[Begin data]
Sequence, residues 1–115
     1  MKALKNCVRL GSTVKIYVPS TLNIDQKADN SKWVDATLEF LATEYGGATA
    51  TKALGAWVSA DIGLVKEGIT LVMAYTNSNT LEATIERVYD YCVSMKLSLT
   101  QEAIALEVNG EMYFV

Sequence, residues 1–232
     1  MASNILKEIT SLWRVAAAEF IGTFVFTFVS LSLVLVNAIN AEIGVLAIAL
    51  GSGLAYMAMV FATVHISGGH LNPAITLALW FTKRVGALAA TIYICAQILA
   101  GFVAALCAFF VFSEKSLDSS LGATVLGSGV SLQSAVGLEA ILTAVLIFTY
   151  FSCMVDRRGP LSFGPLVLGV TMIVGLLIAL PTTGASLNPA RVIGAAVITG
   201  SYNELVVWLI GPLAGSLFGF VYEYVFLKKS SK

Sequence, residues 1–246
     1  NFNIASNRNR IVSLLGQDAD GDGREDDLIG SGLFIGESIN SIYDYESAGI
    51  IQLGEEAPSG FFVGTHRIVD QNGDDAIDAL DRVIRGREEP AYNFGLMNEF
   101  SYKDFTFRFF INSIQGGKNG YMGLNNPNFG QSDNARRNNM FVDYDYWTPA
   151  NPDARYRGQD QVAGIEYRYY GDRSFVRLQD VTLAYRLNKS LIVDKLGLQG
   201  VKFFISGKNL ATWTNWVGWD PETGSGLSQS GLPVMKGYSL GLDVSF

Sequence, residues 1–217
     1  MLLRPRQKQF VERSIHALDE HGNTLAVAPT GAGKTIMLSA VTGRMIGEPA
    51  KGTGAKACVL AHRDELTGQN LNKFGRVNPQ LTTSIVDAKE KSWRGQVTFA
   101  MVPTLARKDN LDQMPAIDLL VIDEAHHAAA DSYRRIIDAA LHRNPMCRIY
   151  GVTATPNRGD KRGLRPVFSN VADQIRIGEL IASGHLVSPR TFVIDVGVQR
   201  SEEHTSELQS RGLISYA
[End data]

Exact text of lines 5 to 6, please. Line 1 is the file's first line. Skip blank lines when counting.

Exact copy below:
Sequence, residues 1–232
     1  MASNILKEIT SLWRVAAAEF IGTFVFTFVS LSLVLVNAIN AEIGVLAIAL